I Have a Symptom

Death is good business in Moira Buffini’s Dying for It, a “free adaptation” of Nikolai Erdman’s 1928 The Suicide.  Semyon Semyonovich Podeskalnikov (Joey Slotnick) is an out of work Soviet who, somewhat accidentally, decides to kill himself.  The once unpopular schlemiel is now barraged by a horde of obsequious vultures who want to seize upon his upcoming death for their own gain, his inevitable note their Holy Grail: highlights include an alcoholic priest, Father Yelpidy (Peter Maloney), who wants Semyon to attribute his misery to the decline in religiosity, the disgruntled closet classist Aristarkh Dominikovich Grand-Skubik (Robert Stanton), who would rather it take the vilification of intellectualism as its banner, and the writer Viktor Viktorovich (Patch Darragh), who sees himself writing Semyon as the emblem of the Russian character.  In fact, the only people who seem to care about Seymon are his wife, Maria “Masha” Lukianovna (Jeanine Serralles), and his lecherous but good-hearted neighbor, Alexander Petrovich Kalabushkin (C.J. Wilson).

Mr. Slotnick, curly haired and slightly balding, is a perfect Semyon, self-hating enough to declare suicide but still squirreling away enough of a sense of self-worth to be able to enjoy all the attention it brings him.  Mr. Stanton, towering over his party-loving companions, is also quite good, and is hardly able to get through a sentence without using the word “intelligista” and disingenuously assuring Semyon that the two are “equals.”  And Mr. Darragh, with the hair and beard to play The Princess Bridegroom, is quick to assure us he has been published nine times, and has about as much fun in this narcissistic performance as we do watching it.  But Mr. Wilson is the emotional core here: weary, hulking, he continually and sincerely accuses himself of being a “worthless dog” and is the only character who seems to be aware of the consequences of his actions.  His problematic romance with Margarita Ivanovna Peryesvetova (Mia Barron) is the only source of genuine happiness and understanding in Dying for It.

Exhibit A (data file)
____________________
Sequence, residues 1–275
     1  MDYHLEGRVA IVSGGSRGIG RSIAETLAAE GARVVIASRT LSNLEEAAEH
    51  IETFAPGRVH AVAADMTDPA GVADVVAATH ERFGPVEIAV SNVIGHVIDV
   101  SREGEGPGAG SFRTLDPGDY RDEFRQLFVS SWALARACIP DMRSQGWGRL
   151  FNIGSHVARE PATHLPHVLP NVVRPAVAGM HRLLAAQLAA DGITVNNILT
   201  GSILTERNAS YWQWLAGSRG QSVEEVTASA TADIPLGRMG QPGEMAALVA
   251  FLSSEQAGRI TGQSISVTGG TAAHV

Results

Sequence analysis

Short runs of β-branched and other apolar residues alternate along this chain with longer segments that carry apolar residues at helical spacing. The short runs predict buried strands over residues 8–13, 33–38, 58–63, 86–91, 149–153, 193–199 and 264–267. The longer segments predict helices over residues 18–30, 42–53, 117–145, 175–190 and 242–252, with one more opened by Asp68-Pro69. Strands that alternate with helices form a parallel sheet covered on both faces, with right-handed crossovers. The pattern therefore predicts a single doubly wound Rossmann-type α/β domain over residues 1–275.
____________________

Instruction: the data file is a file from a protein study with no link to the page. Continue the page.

Ms. Buffini, whose Dinner is surely one of the greatest plays of the aughts, is a master of comic misdirection.  The premise, of course, is ideal for satire of the “worker’s utopia,” of the politics of religion, and of the value of a dead body versus a living man, and the play veritably relishes in monologues about demon rape and phrases like “penile imperialism.”  But what is so powerful in here is that Ms. Buffini never stops treating her characters like real people, she never allows the quiet tragedies to be drowned out by the ideas screaming for our attention.  She also never allows us to be sure exactly whose tragedy she is writing.  When the curtain falls, the reaction is not a knowing chuckle but frozen awe.

Dying for It runs through January 18th at the Linda Gross Theater. 336 W. 20th Street New York, NY.  2 hours 10 minutes.  One intermission.

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Aaron Botwick

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